Skip to main content
Robotics is an interdisciplinary field that encompasses the design, construction, programming and use of robots. A robot is a programmable mechanical, electrical or electronic system capable of performing autonomous or semi-autonomous tasks.
Robotics can also include technologies related to perception, planning, navigation, locomotion, manipulation, artificial intelligence, computer vision and human-machine interfaces; it has applications in many sectors, such as manufacturing, medicine, agriculture, space exploration, defense, education, entertainment and many others.
Robotics is thus a highly diversified field that uses a variety of technologies to create intelligent machines capable of interacting with their environment autonomously or semi-autonomously.


Boston’s university environment is conducive to the development of robotics. At the Massachusetts Institute of Technology (MIT), lrobotics is a cross-cutting discipline at the heart of several programs, including the Mechanical Engineering and Computer and Electrical Engineering departments, and laboratories such as the Biomimetic Robotics Laboratory and the Computer Science & Artificial Intelligence Laboratory (CSAIL). Robotics is also at the heart of research at Harvard University, in the Harvard BioRobotics Laboratory and the Boston University through the Boston University Robotics Lab and the Master of Science in Robotics & Autonomous Systems.

Boston’s robotics ecosystem is strengthened by the presence of major companies such as Boston Dynamics, Irobot and Amazon Robotics, as well as innovation support structures such as the not-for-profit Mass Robotics accelerator, open to robotics startups from all over the world, and the robotics venture capital fund Cybernetix Ventures.

In addition to its acceleration programs for startups, Mass Robotics ffederates Boston’s robotics community through competitions, events, demonstrations and networking. The Robotics Summit & Expo also brings the international robotics community together in Boston to discuss new trends.

Fund-raisings confirm the importance of the robotics field in Boston, as illustrated by Locus Robotics ($416M), a startup specializing in the use of robotics technology for warehouses, and Vecna Robotics ($128M), which develops mobile robots to automate certain industrial tasks.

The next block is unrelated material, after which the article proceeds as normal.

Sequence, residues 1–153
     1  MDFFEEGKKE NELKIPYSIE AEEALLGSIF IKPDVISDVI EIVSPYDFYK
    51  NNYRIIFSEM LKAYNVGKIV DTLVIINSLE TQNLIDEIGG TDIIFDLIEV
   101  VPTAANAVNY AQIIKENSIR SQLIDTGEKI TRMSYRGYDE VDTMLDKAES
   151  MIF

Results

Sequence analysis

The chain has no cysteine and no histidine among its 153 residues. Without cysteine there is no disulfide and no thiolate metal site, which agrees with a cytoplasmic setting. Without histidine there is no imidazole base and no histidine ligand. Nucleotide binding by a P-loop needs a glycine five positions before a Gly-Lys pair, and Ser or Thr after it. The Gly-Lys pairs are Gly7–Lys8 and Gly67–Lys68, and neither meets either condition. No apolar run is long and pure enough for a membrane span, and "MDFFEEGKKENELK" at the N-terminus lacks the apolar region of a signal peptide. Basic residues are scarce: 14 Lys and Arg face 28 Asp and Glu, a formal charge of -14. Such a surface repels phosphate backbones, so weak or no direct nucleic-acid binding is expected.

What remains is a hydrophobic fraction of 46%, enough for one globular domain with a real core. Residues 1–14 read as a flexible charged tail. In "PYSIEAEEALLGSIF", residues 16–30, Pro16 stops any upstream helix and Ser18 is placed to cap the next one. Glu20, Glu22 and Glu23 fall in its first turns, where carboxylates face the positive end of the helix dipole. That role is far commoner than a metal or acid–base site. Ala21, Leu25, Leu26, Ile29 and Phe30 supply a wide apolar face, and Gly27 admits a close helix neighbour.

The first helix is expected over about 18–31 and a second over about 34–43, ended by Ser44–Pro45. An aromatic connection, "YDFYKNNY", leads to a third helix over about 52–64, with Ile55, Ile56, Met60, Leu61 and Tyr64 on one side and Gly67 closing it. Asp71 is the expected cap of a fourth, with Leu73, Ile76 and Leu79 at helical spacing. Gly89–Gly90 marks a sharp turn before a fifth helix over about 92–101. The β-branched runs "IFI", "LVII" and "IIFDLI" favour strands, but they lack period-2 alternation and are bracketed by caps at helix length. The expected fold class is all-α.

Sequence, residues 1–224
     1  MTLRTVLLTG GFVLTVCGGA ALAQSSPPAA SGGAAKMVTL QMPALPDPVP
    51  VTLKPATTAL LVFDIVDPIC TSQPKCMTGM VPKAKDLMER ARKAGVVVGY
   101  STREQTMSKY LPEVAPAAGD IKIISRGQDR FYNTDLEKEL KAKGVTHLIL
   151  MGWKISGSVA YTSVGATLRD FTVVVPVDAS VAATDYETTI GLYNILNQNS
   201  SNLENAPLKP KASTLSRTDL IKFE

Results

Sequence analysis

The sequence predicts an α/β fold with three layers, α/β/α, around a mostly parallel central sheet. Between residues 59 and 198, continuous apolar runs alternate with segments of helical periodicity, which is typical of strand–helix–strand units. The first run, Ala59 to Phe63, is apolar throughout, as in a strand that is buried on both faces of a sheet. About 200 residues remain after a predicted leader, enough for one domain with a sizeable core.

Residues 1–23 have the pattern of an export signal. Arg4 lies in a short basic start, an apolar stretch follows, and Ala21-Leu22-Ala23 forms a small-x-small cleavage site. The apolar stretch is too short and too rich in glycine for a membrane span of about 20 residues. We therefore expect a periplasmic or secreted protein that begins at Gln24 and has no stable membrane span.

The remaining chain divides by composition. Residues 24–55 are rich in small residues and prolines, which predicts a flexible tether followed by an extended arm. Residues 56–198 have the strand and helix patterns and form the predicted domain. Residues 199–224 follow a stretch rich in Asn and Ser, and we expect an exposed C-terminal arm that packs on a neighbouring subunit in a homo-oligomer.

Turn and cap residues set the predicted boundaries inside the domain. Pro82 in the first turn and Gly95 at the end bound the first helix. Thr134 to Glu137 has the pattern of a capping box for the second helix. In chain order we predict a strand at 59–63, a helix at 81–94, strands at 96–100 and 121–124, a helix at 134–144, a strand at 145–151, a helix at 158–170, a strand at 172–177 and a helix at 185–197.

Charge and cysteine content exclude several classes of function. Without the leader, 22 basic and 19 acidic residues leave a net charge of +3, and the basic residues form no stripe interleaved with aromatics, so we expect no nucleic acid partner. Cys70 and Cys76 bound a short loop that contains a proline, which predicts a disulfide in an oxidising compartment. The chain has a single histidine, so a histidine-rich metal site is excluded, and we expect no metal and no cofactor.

San Francisco

The San Francisco Bay Area’s university ecosystem plays a key role in the development of robotics. At Stanford University, the Stanford Robotics Lab covers a broad spectrum of robotics applications and is part of a CNRS International Research Laboratory (IRL), which links Stanford University with the University of Montpellier for the development of underwater and surgical robotics At the University of California Berkeley; the Berkeley Mechanical Engineering brings together several robotics laboratories focusing on performance enhancement and potential applications.

Robotics innovations are stimulated by the growing industry landscape, with leaders such as NVIDIA Corporation, Bright Machines, and Cruise LLC, and support and investment structures that pay particular attention to the sector, such as

Silicon Valley Robotics Accelerator and Eclipse Ventures. In addition,the Silicon Valley Robotics, association, for example, brings together experts from all fields to support the new emerging robotics industry across the agricultural, medical, social, logistics and space domains.

In the highly dynamic ecosystem of the San Francisco Bay Area, some of today’s leading companies were startups just a few years ago; such is the case of Bright Machines and Cruise LLC which have achieved exponential growth thanks to their disruptive technologies, applied respectively to assembly lines and autonomous vehicles. Promising new technologies now stand out, such as Dusty Robotics, which provides robots to support building construction, Wing, which develops drones for home delivery, Multiply Labs, which develops solutions for drug assembly, and FarmWise, which develops agricultural tools for precision weeding.

Our thematic competencies